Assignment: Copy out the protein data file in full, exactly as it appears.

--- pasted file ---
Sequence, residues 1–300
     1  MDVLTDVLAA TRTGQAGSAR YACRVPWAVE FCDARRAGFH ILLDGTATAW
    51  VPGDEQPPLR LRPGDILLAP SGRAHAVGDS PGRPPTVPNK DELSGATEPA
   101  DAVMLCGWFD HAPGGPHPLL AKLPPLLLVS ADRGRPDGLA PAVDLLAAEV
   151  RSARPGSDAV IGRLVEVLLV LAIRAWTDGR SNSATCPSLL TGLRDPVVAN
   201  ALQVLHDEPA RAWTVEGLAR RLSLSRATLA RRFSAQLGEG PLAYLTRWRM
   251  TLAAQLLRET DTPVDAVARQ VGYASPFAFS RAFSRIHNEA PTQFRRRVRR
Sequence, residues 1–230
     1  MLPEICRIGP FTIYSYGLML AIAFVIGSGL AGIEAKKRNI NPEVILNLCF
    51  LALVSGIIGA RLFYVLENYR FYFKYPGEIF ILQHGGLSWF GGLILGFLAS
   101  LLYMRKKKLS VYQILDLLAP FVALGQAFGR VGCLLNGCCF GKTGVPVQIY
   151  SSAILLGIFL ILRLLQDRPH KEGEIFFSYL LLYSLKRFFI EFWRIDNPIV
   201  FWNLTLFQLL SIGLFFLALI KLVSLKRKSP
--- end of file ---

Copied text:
Sequence, residues 1–300
     1  MDVLTDVLAA TRTGQAGSAR YACRVPWAVE FCDARRAGFH ILLDGTATAW
    51  VPGDEQPPLR LRPGDILLAP SGRAHAVGDS PGRPPTVPNK DELSGATEPA
   101  DAVMLCGWFD HAPGGPHPLL AKLPPLLLVS ADRGRPDGLA PAVDLLAAEV
   151  RSARPGSDAV IGRLVEVLLV LAIRAWTDGR SNSATCPSLL TGLRDPVVAN
   201  ALQVLHDEPA RAWTVEGLAR RLSLSRATLA RRFSAQLGEG PLAYLTRWRM
   251  TLAAQLLRET DTPVDAVARQ VGYASPFAFS RAFSRIHNEA PTQFRRRVRR
Sequence, residues 1–230
     1  MLPEICRIGP FTIYSYGLML AIAFVIGSGL AGIEAKKRNI NPEVILNLCF
    51  LALVSGIIGA RLFYVLENYR FYFKYPGEIF ILQHGGLSWF GGLILGFLAS
   101  LLYMRKKKLS VYQILDLLAP FVALGQAFGR VGCLLNGCCF GKTGVPVQIY
   151  SSAILLGIFL ILRLLQDRPH KEGEIFFSYL LLYSLKRFFI EFWRIDNPIV
   201  FWNLTLFQLL SIGLFFLALI KLVSLKRKSP